When I was fourteen years old, my mother was diagnosed with an advanced case of pneumonia. For four months, her doctors tried every treatment known to cure it, none of which had any effect. Then they realized why. She didn’t have pneumonia. She had lung cancer. They’d been misled by the strangely uniform and checkered pattern on the X-rays.
By the time they had a proper diagnosis, it had progressed beyond their ability to treat it successfully. They gave her six months to live.
At the still young age of forty-seven, and with five children, including three teenagers who still lived at home, she searched for any way she could to ease the burden she knew the loss of a mother would have on her kids. One of the things she found came from an unlikely place: a poem.
Her mother (my grandmother) had been an accomplished poet and therefore had a circle of friends who were also poets. When my grandmother passed away, one of those colleagues wrote to my mother to console her. In the handwritten letter, she included a poem she had composed that she thought might help. Apparently it did. Because thirteen years later, my mother still had the letter. And facing her own imminent death, she took it out and read it to each of us. Below is that poem.
One Dark Branch
by Marie Erwin Ward
I have at last returned . . .
I have come back from alien lands that burned
With hate; back to this tree.
I dreamed her sweeping fronds were over me
Through nights and days, rest-yearned.
I ease my tortured way
To sit beneath the pepper tree and sway
My mind with her green lace
To calm my broken spirit, lift my face
And learn once more to pray.
This tree lives not to grieve
Because of one dark branch where green sprays weave.
One useless bough a grief?
She crowns her loss with crimson fruit and leaf . . .
I touch my empty sleeve.
After reading the poem to us, my mother shared the author’s explanation: A soldier has returned from war. He comes home and sits under the pepper tree he used to sit under to think. His quiet time under the tree helps calm him from the horrors of war he has seen. And it is there that he relearns the healing power of prayer.
He looks up and sees “one dark branch” on the tree, a dead limb. He notices the tree does not give up and die because of the loss of one branch. Instead, it just makes that many more leaves and fruit on the other branches to fill the empty space.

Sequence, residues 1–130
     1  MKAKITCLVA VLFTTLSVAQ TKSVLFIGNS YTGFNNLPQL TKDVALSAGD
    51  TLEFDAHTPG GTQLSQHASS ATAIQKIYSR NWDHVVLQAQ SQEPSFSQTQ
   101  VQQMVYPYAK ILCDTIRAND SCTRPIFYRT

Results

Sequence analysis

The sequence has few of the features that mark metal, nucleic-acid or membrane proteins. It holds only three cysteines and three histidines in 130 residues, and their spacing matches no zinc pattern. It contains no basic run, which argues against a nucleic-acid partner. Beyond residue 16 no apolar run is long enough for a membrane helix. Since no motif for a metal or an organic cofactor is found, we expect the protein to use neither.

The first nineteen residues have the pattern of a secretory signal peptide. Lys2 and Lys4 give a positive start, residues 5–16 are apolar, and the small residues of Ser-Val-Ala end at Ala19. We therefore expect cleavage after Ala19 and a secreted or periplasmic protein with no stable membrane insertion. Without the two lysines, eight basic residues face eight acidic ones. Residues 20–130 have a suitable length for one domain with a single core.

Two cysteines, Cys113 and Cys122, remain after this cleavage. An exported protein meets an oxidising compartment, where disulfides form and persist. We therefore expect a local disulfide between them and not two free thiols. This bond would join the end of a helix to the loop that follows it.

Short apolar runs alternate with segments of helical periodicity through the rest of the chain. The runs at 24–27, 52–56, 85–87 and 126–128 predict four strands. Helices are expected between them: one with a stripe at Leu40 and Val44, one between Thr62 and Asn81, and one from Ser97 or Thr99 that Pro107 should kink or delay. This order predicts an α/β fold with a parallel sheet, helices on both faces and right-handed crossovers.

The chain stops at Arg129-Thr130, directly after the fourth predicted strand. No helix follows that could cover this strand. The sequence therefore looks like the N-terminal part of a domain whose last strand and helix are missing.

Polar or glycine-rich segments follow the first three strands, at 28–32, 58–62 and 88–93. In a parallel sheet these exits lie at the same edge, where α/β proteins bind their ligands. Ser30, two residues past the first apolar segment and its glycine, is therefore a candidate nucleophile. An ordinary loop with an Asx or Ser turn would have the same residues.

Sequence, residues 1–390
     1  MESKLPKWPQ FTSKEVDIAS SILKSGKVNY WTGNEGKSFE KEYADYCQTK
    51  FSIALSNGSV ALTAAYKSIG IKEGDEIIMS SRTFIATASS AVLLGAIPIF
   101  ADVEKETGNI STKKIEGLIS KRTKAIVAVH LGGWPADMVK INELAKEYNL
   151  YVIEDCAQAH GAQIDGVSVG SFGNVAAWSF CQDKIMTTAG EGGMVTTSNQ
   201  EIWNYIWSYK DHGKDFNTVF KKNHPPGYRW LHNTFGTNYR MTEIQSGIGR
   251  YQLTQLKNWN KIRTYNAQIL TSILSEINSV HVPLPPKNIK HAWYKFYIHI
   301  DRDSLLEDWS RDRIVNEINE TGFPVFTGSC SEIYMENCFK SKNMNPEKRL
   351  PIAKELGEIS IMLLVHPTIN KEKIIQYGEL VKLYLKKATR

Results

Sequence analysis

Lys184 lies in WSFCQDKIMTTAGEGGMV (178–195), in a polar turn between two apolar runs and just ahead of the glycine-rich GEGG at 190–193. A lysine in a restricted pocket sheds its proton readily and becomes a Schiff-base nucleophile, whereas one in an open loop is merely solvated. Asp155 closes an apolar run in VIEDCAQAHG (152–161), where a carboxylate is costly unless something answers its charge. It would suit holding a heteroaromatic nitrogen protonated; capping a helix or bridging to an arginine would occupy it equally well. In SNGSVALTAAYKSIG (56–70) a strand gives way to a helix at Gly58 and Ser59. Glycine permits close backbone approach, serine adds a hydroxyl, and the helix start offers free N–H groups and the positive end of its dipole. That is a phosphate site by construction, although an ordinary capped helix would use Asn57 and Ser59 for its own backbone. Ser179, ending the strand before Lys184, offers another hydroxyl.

The last line is “I touch my empty sleeve.” This soldier, like the tree, has also lost a limb (his arm) in the war. What he learns from the tree is that because he no longer has his arm, the other parts of his body and mind should strengthen to accommodate the loss. He must become a more stable and mature person to persevere with this handicap.
Our mother explained to us that God gives extra grace to people like that to help them, such as blind people whose sense of hearing becomes more acute to compensate for their loss of sight.
The way she related this to us was by showing us how the same thing applies to families that lose members. When someone dies, the other members of the family must grow, strengthen, and mature to compensate for that loss. The family must grow new love and wisdom, just as the tree grew new leaves and fruit.
That poem was her dying gift to us. But it was also her expectation. It was her expectation for how we were to respond as a family after she was gone. When the situation calls for it with someone you love, it can be your gift as well.
Thank you Marie Erwin Ward, for the wisdom and beauty in your poem, and for the peace it’s given me for the last 36 years. And thank you to my mother for sharing it with me and my siblings, and for expecting nothing less of us. I miss you, Mom.
As with all of these stories, I encourage you to share this with your kids and then have a discussion about it. Here are some questions to get you started.
- Do you know anyone who’s lost a family member? What are their family relationships like now? Do you think they might benefit from hearing this poem?
- How do you think it is that other senses can improve in someone after they lose their sight, for example?
- If one of your parents died, how do you think they would want you to behave as a family after they were gone?
Source: Parenting with a Story: Real-life Lessons in Character for Parents and Children to Share, by Paul Smith.
Paul Smith is one of the world’s leading experts on business storytelling. He’s a keynote speaker, storytelling coach, and bestselling author of the books Lead with a Story, Parenting with a Story, and Sell with a Story.
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